Investment advisers have long been held to a heightened standard under the Investment Advisers Act of 1940. But that standard is the result of judicial and staff interpretations of the Act’s anti-fraud provisions, rather than a statutory requirement. Over the years, the SEC has been reluctant to bring enforcement actions under the Act that impose obligations beyond disclosure, and disclosure has been shown time and again to be ineffective in protecting investors. A best interest standard does not mean much unless investment advisers have to change their behavior, not simply change the fine print of their paperwork. In evaluating the SEC proposal, we’ll be looking to see whether the clarified standard for investment advisers includes an explicit obligation to act in the customer’s best interests that cannot be satisfied through disclosure alone.
Does the new standard for brokers and advisers include limits on conflicts of interest?
Raising the standard of conduct without reining in the practices that encourage violations of that standard is likely to produce only minimal improvements in broker conduct and the treatment of investors. As long as financial professionals continue to be paid and rewarded for making recommendations that profit the firm, instead of those that are best for the investor, they are likely to act on those incentives. While the SEC Chairman has made clear that he does not intend to impose the strict limits on conflicts of interest included in the Department of Labor’s pro-investor fiduciary rule for retirement accounts, there’s still room for improvement over the disclosure-only approach to addressing conflicts advocated by industry.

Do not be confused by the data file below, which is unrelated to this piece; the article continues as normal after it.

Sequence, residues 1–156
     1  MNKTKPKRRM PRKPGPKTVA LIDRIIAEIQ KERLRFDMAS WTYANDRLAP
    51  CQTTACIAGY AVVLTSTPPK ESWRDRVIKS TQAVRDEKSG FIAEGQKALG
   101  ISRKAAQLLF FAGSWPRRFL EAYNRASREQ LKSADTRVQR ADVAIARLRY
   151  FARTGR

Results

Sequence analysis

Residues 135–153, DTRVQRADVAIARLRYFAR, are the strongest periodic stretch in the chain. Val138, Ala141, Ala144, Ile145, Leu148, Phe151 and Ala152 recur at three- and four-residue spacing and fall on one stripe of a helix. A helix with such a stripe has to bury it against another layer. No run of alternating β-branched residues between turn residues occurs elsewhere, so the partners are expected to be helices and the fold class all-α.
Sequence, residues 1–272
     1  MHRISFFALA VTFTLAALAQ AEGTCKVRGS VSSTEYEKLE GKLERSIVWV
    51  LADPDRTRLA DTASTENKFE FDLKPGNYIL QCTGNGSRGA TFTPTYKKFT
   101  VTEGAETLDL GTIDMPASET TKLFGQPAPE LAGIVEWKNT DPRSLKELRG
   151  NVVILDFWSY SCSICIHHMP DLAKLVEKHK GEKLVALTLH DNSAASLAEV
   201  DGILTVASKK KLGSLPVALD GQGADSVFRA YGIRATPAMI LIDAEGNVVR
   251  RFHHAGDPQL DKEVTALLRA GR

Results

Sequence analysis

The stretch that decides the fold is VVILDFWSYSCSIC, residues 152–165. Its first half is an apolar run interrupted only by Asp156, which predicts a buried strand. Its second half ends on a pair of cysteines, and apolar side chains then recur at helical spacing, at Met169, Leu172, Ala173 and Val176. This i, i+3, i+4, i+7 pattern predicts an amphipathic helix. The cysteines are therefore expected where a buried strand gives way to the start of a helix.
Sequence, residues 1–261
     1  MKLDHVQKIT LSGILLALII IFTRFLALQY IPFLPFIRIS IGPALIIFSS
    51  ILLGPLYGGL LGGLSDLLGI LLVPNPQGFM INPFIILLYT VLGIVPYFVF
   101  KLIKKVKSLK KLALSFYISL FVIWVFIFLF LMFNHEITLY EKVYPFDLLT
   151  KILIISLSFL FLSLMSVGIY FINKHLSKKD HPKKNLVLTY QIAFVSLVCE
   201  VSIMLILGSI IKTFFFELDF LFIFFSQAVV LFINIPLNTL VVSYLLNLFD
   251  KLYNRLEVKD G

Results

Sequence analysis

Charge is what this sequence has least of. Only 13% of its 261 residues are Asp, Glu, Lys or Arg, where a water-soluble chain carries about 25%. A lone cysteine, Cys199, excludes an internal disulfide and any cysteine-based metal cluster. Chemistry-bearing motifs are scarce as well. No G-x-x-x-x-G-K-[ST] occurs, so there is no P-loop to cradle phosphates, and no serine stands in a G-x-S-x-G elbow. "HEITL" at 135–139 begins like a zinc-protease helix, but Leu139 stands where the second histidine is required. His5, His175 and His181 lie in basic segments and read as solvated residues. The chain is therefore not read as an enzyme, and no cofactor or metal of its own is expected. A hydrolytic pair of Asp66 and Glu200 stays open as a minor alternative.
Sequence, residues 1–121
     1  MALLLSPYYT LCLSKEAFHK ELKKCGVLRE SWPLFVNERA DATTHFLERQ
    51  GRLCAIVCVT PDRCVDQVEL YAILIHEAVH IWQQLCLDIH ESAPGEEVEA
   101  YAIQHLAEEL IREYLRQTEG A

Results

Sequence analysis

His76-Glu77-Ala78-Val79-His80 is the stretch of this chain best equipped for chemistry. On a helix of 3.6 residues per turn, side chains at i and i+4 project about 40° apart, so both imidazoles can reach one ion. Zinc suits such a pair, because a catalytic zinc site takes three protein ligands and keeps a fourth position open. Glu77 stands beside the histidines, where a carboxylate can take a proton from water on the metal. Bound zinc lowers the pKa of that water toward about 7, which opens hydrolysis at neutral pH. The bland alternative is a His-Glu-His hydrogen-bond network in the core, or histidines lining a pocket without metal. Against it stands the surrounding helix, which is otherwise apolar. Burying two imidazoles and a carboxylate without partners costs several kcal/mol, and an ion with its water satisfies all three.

In evaluating the SEC’s proposed new standard, we’ll be looking to see whether it takes any steps to rein in industry practices that encourage and reward harmful advice. In particular, we’ll be looking to see whether the SEC is willing to take even the most basic step of prohibiting firms from intentionally creating incentives – such as sales quotas, sales contests, and paying bonuses to reward the sale of particular products – that encourage financial professionals to base their recommendations on their own financial interests, rather than the customer’s best interests.
Will the proposal enhance investors’ ability to make an informed choice among different types of financial professionals?
Years of research has shown that investors cannot distinguish between brokers and investment advisers, which is a crucial fact to bear in mind. The Commission is proposing to require brokers and advisers alike to provide customers with a brief written “relationship summary,” which is presumably designed to help alleviate that confusion. But disclosure alone cannot solve this problem if it is not backed by restrictions on the ability of brokers to market themselves to the public as trusted advisers and to label their sales representatives as “financial advisors,” “wealth managers,” and other similar terms. In evaluating the SEC proposal, we will be looking to see whether the agency places appropriate restrictions on the misleading use of such titles and whether it proposes to test the new disclosure document for effectiveness in conveying key information to investors.
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The SEC has the potential to save investors tens of billions of dollars by requiring brokers and advisers alike to act in customers’ best interests. The weak, disclosure-based standard industry has been lobbying for would do more harm than good, by creating the false impression that investors are protected when that is not the case. Investors will be watching Wednesday’s vote closely to see whose side the SEC is on.